Elijah of Buxton

Title: Elijah of Buxton
Author: Christopher Paul Curtis
Publisher: Scholastic
ISBN: 0439023459
Rating: 3/5 stars


Coretta Scott King Award, 2008

Newbery Honor Book Award, 2008

Scott O’Dell Award for Historical Fiction, 2008


Christopher Paul Curtis paints a life-like picture of the world of freed slaves in Canada and their struggles as they attempt to help others experience such freedom.  With distinctive cultural dialect, Curtis draws the reader into the novel, creating a personal connection between the characters and the reader.  Beginning with a loving practical joke amongst Elijah’s family, Curtis set the scene, developing empathy for the main character.  However, his encounters with the local “preacher” of the town prove Elijah to be a suspicious yet immature young man who is beginning an adventure of a lifetime.  Through his journeys, Curtis uses Elijah to develop the ideas, feelings, and events of the time when slaves of North America sought their freedom.

Review Excerpt:

This is not a zip-ahead-and-see-what-happens-next novel. It’s for settling into and savoring the rich, masterful storytelling, for getting to know Elijah, Cooter and the Preacher, for laughing at stories of hoop snakes, toady-frogs and fish-head chunking and crying when Leroy finally gets money to buy back his wife and children, but has the money stolen. Then Elijah journeys to America and risks his life to do what’s right. This is Curtis’s best novel yet, and no doubt many readers, young and old, will finish and say, “This is one of the best books I have ever read.”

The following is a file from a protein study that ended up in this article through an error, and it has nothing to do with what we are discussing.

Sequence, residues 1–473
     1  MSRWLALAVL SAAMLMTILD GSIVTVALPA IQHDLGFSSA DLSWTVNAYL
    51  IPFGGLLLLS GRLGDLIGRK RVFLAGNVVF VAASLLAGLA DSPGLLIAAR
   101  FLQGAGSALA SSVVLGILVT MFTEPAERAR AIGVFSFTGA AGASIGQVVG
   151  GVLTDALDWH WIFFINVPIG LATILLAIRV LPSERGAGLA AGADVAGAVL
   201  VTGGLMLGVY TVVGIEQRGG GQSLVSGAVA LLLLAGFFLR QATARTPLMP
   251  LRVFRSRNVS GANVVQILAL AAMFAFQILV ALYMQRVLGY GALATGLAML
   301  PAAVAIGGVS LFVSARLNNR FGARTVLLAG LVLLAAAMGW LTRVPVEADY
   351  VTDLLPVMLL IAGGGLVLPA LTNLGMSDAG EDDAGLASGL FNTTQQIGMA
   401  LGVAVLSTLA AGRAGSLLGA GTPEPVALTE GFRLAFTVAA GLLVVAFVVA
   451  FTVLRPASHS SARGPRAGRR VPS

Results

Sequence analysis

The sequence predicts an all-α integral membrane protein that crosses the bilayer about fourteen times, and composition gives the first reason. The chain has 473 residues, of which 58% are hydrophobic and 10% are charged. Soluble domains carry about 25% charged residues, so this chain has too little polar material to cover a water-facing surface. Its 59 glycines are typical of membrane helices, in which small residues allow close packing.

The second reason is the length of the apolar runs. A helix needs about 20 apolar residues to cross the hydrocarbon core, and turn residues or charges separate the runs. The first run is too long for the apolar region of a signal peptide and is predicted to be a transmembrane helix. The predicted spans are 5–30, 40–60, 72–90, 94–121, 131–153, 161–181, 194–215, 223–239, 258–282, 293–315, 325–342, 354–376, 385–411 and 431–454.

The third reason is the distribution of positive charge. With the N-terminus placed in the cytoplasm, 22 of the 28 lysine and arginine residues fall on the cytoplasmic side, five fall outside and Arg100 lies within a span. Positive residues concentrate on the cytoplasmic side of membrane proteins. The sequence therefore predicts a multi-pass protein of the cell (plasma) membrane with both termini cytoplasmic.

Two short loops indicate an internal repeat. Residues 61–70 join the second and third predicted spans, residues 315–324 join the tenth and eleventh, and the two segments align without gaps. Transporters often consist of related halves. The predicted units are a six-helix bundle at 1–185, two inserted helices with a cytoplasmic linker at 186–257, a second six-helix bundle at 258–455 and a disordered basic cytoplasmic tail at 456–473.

Divide the class in half, having half read this book fro the view point of a freed slave society.  The other half of the class should read Jeffersons Sons.  Students should compare and contrast the depictions of slavery in each book.


Kirkus Reviews. 2010. “Elijah of Buxton.” https://www.kirkusreviews.com/book-reviews/christopher-paul-curtis/elijah-of-buxton/

Curtis, Christopher Paul. 2007. Elijah of Buxton. New York: Scholastic.

Review of the Day. 2011. “Jefferson’s Sons.” http://blogs.slj.com/afuse8production/2011/08/29/review-of-the-day-jeffersons-sons-by-kimberly-brubaker-bradley/#_


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